We continue to witness the development of the autonomous and reflective individual. It is an individual that has a full set of needs, internal and external to the organization. Power is diffused and shared. “In contrast with traditional management, where structures and systems are derived from a pre-defined strategy, the new workplace is seeking to balance what matters for the company (its strategy) and what matters for the individuals (their life strategies).”1 This is revealed dramatically in the changing dynamics of the war for talent. Leading organizations subscribe to the view that people are the most important resource.
In a climate in which competition is fierce and rapid changes demand constant innovations, organizations are in agreement that failure to make the best use of its people has serious consequences. These organizations know that any business that fails to ensure that all employees play a full part in the organization cannot hope to optimize productivity, competitiveness, and sustainability.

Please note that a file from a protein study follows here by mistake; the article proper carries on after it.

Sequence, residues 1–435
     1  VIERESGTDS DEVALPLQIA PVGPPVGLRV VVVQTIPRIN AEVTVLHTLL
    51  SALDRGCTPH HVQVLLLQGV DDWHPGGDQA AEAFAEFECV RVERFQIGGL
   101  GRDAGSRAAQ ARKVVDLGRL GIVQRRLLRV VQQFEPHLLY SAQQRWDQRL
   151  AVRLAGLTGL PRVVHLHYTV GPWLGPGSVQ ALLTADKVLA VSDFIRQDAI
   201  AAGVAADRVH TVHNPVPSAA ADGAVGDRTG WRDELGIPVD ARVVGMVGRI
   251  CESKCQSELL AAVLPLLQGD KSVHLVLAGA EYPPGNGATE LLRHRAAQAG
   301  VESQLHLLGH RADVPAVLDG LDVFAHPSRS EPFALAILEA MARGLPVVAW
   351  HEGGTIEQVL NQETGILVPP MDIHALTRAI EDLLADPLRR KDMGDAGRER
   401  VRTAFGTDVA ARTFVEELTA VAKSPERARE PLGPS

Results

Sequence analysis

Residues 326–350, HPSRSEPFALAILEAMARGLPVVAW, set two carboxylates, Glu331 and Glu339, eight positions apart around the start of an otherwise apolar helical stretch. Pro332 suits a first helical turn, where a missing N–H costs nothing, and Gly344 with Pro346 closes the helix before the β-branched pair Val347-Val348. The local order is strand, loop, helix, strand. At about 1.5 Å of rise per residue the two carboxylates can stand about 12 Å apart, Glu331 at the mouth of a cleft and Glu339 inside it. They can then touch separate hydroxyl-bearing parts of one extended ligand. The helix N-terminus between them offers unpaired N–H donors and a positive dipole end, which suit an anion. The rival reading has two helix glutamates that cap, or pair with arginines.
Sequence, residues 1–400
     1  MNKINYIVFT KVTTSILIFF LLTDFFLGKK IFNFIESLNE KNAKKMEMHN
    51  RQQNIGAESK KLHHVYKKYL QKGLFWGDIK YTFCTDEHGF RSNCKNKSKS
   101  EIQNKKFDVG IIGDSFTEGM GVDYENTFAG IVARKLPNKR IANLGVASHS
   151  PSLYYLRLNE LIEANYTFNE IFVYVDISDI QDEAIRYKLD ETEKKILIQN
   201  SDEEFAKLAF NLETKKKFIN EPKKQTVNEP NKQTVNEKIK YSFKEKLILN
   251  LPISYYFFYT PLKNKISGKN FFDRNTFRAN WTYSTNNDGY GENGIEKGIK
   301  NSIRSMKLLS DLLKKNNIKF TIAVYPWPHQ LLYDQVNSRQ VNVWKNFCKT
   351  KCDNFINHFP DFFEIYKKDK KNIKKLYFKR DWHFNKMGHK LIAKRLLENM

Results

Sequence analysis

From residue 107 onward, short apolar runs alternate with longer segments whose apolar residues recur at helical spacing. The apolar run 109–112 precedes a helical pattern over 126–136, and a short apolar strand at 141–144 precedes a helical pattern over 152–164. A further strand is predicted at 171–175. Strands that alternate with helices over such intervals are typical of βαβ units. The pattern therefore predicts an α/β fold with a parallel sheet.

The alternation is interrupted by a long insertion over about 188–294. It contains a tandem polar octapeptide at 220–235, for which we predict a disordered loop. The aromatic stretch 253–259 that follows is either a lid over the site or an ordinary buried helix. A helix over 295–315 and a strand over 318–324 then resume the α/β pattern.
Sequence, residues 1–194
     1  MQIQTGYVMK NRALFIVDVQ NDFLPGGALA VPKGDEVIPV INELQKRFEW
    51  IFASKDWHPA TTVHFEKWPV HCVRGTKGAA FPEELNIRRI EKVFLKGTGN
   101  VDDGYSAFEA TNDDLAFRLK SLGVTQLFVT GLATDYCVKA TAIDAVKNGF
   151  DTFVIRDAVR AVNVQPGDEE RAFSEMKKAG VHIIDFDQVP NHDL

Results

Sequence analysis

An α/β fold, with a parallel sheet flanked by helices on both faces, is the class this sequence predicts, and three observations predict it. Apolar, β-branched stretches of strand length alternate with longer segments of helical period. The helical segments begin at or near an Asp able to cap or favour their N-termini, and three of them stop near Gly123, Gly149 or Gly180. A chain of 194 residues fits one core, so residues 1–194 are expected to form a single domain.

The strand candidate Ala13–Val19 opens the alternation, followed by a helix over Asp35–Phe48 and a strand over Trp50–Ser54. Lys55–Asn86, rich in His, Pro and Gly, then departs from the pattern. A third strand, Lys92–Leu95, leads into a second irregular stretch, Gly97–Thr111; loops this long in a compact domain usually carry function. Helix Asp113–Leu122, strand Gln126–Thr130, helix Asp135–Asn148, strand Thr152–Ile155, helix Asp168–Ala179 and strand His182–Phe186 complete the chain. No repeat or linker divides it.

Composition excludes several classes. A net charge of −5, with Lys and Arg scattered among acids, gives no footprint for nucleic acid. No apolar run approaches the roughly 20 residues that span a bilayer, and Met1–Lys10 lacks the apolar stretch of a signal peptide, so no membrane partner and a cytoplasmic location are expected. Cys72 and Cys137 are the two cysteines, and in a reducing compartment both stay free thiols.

In spite of this common belief, there are serious shortcomings in how effectively organizations utilize their people. Organizations are implementing a wide range of policies and programs to identify and eliminate pay inequalities and improve their attractiveness, however, great change has not materialized. Some protagonists claim employee engagement can be enhanced by adopting a series of hygiene factors – such as decorating rest rooms with pop culture and rap music and calling everyone by their first names – and these are almost laughable. Similarly, criteria and competencies deemed to be predictors of high and effective performance are also claimed.